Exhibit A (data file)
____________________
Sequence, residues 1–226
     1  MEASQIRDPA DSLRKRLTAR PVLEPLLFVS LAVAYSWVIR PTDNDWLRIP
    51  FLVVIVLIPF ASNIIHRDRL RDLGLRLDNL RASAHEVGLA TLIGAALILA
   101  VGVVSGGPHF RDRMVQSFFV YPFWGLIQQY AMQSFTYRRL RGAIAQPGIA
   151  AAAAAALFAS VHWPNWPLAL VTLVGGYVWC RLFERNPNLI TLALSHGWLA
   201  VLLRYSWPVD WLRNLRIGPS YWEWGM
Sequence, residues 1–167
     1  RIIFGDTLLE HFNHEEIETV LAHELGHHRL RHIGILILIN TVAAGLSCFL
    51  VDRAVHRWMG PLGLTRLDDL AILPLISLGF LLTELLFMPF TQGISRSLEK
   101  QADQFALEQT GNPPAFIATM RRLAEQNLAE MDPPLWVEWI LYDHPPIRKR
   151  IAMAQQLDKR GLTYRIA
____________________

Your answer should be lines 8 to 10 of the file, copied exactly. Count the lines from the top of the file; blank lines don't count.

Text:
     1  RIIFGDTLLE HFNHEEIETV LAHELGHHRL RHIGILILIN TVAAGLSCFL
    51  VDRAVHRWMG PLGLTRLDDL AILPLISLGF LLTELLFMPF TQGISRSLEK
   101  QADQFALEQT GNPPAFIATM RRLAEQNLAE MDPPLWVEWI LYDHPPIRKR